Almost everyone in Israel has a cell phone. The state-of-the-art cell phone is the smartphone which has different features – phone, camera, audio player and more, as well as various kind of applications. There are different kinds of phones, and the common thing to all phones is the radiation emitted from it and the vagueness surrounding the health implications of this radiation. The general public is largely uninformed or misinformed about the levels of radiation from the cell phones, charger, and cellular antennas. There are signs in elevators and trains recommending to not use cell phones in these places.
So, let's start making sense of cellular radiation.
Radio and microwave radiation
When making a call from a cell phone, the device emits electromagnetic waves that reach the closest cellular site. The site receives these waves and transmits signals (speech, photo, recording, video, and more) to a cellular site closest to the friend we called. The latter emits the electromagnetic waves, and our friend's cell phone processes them and receives the signals that we sent him. Of course, these things also work the other way around – from my friend to me.
These electromagnetic waves, also known as non-ionizing radiation, is radio and microwave radiation. Radio and microwave radiation is significantly lower than ionizing radiation, such as x-rays or radioactive radiation. It cannot break atomic and molecular bonds in living cells. As far as we know today, non-ionizing radiation is incapable of directly corrupting the genetic material inside the cell (the DNA). However, it has been proven that radio and microwave radiation can generate heat – similar to what happens in a microwave (food is heated by radiation).
Unlike the microwave, the cell phone is incapable of generating significant heat in its proximity (the head and ear), because the quantity of radiation is significantly less than that of a microwave (less than one thousandth of the quantity emitted by a microwave and usually less than that).
There are situations where you are in confined quarters, such as in an elevator, a train car, or a bus. In confined spaces, cellular radiation is not only emitted and spread around but also sent back to the device. It can be visualized as a fly that enters a room through a window and can't get out. Additionally, it is more difficult for radiation from the antenna to get into confined spaces. The combination of these factors makes cellular devices emit more radiation.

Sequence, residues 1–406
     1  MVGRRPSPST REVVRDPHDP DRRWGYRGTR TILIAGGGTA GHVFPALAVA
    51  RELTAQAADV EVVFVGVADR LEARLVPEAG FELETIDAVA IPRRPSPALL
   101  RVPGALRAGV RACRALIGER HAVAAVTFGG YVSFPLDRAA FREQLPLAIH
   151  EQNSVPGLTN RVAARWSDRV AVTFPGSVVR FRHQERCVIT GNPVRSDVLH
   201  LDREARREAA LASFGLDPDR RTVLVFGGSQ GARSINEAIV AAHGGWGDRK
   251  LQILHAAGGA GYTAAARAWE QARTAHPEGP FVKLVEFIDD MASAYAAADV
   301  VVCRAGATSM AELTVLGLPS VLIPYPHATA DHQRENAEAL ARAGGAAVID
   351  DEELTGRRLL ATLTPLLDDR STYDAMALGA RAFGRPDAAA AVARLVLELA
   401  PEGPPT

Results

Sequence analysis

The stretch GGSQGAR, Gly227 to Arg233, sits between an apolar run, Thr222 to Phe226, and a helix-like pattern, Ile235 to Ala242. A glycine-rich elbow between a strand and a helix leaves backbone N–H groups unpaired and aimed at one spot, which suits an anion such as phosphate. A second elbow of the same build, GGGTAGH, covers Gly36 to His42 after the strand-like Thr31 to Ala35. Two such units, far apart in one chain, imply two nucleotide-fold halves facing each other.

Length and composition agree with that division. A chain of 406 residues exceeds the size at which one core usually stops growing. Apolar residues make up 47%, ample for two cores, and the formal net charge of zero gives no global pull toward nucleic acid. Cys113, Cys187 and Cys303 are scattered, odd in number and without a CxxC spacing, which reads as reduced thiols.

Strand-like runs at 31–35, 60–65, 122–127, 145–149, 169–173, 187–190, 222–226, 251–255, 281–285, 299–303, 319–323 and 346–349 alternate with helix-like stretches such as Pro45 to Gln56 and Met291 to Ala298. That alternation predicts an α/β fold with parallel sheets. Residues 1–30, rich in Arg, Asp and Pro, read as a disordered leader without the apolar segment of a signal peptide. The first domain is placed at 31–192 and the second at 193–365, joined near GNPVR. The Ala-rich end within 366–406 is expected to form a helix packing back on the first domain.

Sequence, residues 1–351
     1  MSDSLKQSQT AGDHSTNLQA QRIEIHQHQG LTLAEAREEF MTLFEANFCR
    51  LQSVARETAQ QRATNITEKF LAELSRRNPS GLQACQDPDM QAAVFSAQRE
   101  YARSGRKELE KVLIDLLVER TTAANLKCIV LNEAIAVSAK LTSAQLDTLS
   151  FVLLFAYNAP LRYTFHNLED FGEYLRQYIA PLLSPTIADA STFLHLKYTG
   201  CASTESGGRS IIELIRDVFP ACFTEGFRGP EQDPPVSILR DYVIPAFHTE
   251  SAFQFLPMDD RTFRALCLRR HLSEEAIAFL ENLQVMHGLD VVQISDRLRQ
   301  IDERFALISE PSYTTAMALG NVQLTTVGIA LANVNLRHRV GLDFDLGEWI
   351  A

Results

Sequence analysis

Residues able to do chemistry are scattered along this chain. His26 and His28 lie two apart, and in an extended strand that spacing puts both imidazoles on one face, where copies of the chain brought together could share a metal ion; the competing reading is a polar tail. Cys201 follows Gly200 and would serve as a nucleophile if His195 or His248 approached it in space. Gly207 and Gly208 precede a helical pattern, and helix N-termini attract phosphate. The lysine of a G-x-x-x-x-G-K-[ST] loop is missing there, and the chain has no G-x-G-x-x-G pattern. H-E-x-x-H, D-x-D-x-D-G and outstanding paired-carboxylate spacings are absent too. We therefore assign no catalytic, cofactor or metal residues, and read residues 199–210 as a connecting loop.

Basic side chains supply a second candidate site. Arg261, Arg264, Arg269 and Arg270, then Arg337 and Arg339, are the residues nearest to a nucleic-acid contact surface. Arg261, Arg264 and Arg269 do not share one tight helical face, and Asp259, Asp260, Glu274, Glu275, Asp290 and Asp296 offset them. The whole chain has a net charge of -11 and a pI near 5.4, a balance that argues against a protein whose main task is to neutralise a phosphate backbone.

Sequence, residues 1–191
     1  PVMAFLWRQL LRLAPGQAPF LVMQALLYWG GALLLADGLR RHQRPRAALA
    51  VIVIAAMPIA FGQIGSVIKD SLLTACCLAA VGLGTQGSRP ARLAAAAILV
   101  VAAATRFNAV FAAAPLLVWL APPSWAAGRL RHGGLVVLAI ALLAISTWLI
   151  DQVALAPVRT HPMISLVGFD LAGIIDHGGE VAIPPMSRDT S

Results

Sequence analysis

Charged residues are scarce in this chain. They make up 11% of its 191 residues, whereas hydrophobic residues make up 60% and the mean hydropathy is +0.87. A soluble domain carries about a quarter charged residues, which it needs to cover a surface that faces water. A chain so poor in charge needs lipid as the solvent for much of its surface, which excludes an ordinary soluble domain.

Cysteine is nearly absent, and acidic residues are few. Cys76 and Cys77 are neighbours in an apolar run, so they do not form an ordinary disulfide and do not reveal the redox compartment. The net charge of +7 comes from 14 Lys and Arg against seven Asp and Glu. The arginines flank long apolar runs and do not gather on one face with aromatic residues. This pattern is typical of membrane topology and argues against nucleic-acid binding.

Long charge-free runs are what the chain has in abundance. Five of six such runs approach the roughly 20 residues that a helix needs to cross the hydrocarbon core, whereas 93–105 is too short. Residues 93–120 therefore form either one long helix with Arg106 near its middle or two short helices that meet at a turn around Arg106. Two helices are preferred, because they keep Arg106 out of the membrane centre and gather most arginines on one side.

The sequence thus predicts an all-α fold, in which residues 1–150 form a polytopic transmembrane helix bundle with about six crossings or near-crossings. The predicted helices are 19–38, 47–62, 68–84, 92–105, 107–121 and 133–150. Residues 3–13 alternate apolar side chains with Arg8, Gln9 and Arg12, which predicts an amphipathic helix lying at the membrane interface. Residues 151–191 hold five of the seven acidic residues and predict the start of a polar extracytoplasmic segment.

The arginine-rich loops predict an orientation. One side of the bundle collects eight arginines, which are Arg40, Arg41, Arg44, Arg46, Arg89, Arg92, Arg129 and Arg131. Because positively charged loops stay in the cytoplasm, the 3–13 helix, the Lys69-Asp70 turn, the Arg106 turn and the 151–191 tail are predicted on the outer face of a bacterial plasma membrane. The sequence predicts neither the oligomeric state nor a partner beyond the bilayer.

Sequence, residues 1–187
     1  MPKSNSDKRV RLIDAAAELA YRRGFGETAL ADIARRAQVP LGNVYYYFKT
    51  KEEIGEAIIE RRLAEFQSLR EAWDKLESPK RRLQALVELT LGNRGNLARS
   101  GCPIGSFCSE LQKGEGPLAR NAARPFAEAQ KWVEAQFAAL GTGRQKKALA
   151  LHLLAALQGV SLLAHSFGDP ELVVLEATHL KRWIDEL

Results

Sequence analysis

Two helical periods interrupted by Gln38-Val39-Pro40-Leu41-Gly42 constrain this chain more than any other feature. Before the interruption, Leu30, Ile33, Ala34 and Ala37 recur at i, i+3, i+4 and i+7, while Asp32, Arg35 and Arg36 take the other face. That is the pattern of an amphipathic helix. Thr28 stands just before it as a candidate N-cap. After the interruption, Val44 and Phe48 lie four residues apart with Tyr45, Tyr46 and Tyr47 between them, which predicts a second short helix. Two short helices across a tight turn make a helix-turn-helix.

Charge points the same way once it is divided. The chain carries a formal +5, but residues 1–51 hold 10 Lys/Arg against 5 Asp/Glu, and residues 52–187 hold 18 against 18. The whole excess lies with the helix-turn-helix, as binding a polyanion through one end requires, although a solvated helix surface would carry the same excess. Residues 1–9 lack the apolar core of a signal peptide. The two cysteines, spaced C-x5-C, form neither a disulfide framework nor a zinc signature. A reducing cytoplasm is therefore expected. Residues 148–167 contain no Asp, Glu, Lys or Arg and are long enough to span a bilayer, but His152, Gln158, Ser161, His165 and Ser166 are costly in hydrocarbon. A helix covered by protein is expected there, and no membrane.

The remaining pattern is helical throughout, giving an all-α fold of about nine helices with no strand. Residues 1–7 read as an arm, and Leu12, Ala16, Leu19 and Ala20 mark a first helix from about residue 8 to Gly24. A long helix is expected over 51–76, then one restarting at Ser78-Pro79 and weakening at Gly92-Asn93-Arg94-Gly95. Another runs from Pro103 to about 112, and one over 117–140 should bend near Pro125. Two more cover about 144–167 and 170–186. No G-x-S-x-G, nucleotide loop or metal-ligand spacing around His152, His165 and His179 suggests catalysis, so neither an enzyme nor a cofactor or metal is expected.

The Precaution Principle
Despite the many studies on radiation, conclusive evidence on the link between exposure to radio wave radiation and cancer is yet to be found. Therefore, in 2011, the World Health Organization classified cellular radiation as potentially carcinogenic in humans. The meaning of this classification is that until conclusive evidence of the link between radio wave radiation and the risk of developing cancer is found, it is recommended to make informed use of cell phones and other devices emitting non-ionizing radiation.
The use of cell phones over many hours of the day is common, including teenagers and children. Therefore, the Israel Ministry of Health, following the World Health Organization, recommends that you adhere to the Precaution Principle. The Precaution Principle states that although there is no conclusive evidence that radiation is harmful to humans, we should be on the safe side and minimize our exposure to radiation from devices and electronics.
How to reduce exposure
- We will use a wired headphone or the speaker for the entire duration of the phone call. This way, we can keep our body, and mostly our head, away from the source of the radiation.
- We will keep cellular phone calls brief – especially children (more information about children and screens).
- We will prefer calling from a landline.
- We will send a text message whenever possible. In any event – texting and driving is strictly forbidden!
- We will not use the cell phone in confined places such as an elevator or a train car.
- If WIFI reception is weak, such as on buses, we will use the phone sparingly. Alternatively, if WIFI reception is good, we will use it and not cellular reception. Do not charge a cell phone close to your body overnight. Chargers emit radiation too.
Information about radiation on the Ministry of Health's Website (Hebrew)
Information about non-ionizing radiation on the Ministry of Environmental Protection Website (Hebrew)
Information on types of electromagnetic radiation on the TNUDA Center website (Hebrew)
Ministry of Health recommendations regarding the use of cell phones (Hebrew)
World Health Organization recommendations regarding non-ionizing radiation in cell phones